If so, then it is in your best interest to keep reading this announcement.
Volkswagen is currently embroiled in a PR crisis stemming from an intentional attempt to circumvent environmental regulators. They did this by installing deceptive bypass software that allowed the above vehicles to pass emissions inspections, even when they were at non-passable levels.
Their deceit affects the environment and your wallet. Volkswagen defrauded its buyers into believing their purchase was an environmentally-responsible one. However, the long-term implications include:
Increased Fuel Costs: These cars run on diesel fuel, which costs more, while not providing the promised economical benefits.
Need for Immediate Recall and Future Repairs: Approximately 11 million vehicles have received this bypass software. That is a lot of cars that do not meet emission standards. These changes are not only time consuming, but many owners also fear decreased performance and increased repair costs.
Even post-repair, industry analysts expect:
To add further insult, their ‘fix’ will still not change the fact that your diesel vehicle will be worth $1,000.00 to $6,855.00 less than it should have been worth. If you own one of these affected Volkswagen vehicles, you may be entitled to financial compensation. Contact the San Antonio personal injury lawyers at the Villarreal & Begum Law Group to start your claim today.
The affected vehicles include nearly 482,000 diesel passenger cars sold in the United States, as well as millions of others worldwide, sold between 2008 and 2015. The cars in question have Type EA 189 diesel engines installed in 2009-2015 VW Jettas, Audi A3s, Beetles, and Golfs as well as 2014-2015 Passats. They all have 2-Liter, four-cylinder diesel engine.
Volkswagen increased sales by creating a reportedly environmentally-conscious vehicle. The Environmental Protection Agency (EPA) investigators, however, discovered this was not true. VW had been installing engines coded with a special algorithm that would allow it to pass diesel emissions tests in situations where it should not have done so.
If you own a Volkswagen vehicle mentioned above, you should contact our office immediately. You may be able to join a class action lawsuit against Volkswagen. At this point, Volkswagen has not yet come up with a solution, and customers are being requested to continue driving their vehicles (that are otherwise safe to operate) until contacted by the car manufacturer for necessary repairs.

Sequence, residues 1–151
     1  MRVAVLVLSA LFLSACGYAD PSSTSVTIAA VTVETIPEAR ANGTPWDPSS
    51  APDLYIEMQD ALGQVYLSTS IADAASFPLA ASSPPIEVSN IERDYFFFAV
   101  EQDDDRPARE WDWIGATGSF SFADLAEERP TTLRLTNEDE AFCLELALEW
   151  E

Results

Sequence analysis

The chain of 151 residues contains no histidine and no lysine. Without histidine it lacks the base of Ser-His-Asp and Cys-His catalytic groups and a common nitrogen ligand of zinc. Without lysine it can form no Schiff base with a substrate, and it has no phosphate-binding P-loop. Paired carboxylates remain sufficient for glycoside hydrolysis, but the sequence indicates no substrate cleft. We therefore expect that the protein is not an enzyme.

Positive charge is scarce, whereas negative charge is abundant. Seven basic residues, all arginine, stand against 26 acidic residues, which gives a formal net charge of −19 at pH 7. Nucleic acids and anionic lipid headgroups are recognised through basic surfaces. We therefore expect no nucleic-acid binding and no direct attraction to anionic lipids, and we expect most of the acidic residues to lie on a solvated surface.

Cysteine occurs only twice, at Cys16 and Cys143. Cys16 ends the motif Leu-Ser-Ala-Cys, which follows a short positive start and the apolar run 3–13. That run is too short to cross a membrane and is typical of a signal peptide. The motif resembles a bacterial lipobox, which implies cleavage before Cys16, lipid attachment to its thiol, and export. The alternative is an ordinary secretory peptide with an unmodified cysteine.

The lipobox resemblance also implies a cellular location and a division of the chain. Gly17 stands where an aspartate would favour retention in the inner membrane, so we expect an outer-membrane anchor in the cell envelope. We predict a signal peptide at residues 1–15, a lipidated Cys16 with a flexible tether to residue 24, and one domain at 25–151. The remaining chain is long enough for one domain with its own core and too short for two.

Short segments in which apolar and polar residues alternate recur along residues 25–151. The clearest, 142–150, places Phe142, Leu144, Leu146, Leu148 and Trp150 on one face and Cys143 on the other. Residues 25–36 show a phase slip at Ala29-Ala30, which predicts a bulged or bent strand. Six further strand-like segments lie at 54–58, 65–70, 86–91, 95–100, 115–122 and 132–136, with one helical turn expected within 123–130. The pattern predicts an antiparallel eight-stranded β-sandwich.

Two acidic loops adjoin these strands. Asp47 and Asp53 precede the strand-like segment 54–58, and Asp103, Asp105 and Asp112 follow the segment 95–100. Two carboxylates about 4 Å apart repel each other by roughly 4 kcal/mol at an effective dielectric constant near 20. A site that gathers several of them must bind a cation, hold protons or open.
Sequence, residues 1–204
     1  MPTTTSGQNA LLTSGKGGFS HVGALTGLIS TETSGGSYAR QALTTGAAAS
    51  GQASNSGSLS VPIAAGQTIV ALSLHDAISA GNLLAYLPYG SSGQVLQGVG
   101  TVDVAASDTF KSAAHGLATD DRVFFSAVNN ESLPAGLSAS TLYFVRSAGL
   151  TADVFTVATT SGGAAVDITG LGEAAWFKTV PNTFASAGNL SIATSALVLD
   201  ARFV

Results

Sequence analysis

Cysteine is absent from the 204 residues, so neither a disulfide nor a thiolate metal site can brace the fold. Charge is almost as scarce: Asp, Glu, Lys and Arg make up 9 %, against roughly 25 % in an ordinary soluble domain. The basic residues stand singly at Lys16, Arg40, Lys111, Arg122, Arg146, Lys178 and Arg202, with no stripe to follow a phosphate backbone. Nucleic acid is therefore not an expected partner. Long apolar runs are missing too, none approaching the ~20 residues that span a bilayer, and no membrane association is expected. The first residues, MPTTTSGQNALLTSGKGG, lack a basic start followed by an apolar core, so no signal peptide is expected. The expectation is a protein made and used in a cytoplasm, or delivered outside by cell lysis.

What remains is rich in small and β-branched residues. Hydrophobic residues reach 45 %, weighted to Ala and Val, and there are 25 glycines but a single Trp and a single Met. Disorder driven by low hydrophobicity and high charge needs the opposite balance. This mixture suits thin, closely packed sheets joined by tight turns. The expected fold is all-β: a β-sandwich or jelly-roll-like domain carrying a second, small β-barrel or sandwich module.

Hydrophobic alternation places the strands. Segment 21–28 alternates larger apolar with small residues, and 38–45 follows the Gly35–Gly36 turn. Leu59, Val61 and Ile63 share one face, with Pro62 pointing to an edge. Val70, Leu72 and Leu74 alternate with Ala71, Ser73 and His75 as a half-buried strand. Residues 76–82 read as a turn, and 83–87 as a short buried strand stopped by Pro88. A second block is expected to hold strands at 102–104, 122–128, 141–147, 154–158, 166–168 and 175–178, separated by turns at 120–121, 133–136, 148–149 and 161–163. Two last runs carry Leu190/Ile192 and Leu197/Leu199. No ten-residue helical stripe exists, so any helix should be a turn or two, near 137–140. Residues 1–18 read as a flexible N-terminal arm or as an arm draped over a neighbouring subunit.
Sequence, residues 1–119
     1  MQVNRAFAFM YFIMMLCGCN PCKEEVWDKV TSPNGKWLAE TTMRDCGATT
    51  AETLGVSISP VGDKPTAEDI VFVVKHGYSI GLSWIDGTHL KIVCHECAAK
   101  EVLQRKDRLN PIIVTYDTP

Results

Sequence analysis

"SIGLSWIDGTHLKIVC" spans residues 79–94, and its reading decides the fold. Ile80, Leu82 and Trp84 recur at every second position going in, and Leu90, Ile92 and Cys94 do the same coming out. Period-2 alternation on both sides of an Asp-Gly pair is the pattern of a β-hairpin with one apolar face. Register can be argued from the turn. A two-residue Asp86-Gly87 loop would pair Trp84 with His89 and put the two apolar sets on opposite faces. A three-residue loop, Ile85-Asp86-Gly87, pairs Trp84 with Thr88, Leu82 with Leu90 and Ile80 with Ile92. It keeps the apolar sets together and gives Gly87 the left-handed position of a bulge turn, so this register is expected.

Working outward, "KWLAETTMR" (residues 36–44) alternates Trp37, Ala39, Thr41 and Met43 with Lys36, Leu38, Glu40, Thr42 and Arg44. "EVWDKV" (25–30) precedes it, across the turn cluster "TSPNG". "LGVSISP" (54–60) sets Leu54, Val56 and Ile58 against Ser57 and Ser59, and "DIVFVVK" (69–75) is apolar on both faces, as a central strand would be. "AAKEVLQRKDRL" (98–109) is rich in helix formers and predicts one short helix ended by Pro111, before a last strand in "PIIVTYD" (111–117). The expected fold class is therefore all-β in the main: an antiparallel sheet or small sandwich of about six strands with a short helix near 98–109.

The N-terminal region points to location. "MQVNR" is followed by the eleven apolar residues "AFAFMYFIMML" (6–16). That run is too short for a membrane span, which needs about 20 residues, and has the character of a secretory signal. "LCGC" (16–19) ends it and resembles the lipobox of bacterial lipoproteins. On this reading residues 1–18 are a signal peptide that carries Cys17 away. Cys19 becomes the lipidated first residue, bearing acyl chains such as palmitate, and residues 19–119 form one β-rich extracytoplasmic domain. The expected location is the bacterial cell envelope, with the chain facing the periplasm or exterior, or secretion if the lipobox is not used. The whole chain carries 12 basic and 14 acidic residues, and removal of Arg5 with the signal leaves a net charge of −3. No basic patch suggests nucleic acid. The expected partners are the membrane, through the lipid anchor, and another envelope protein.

Also, Edmunds.com, a national car buying website, recommends owners avoid selling or trading their cars unless absolutely necessary due to potentially lowered trade-in values.
Because the vehicles in question were marketed as complying with emissions regulations while still offering good fuel economy, many accepted the higher cost of diesel fuel that came with operating their vehicle as opposed to using less expensive unleaded fuel. Customers may also face inconvenient recalls to repair their vehicles in addition to decreased performance and future repairs. Further, many industry insiders fear owners will face increased depreciation of their vehicles or be unable to resell them.
When VW first started looking to establish its center in California, it promised that it would focus on delivering ultra-low emission vehicles throughout the United States. This led to VW being awarded a $10 million California Economic Development Authority tax-exempt bond to assist in constructing their $27 million center.
The costs associated with the research and development of an environmentally-conscious vehicle, one that would meet some of the strictest of emissions standards in the world, put their investment in the facility and associated labor at significant risk. The cost of the additional hardware necessary for cars to comply with existing standards was too costly as compared to producing a cheaper vehicle that did not meet standards. Deceiving customers by misleading them to believe their vehicle offered better gas mileage was a particularly effective selling point.
Volkswagen is not allowed to sell its remaining 2015 stock and its 2016 models until the issue in question has been properly fixed. Many of VW’s upper-level management have either voluntarily resigned or have been fired from their roles and are facing criminal charges. Stakeholders, coupled with remaining company administrators have launched an internal investigation and have set aside $7.3 billion to cover costs associated with their indiscretions.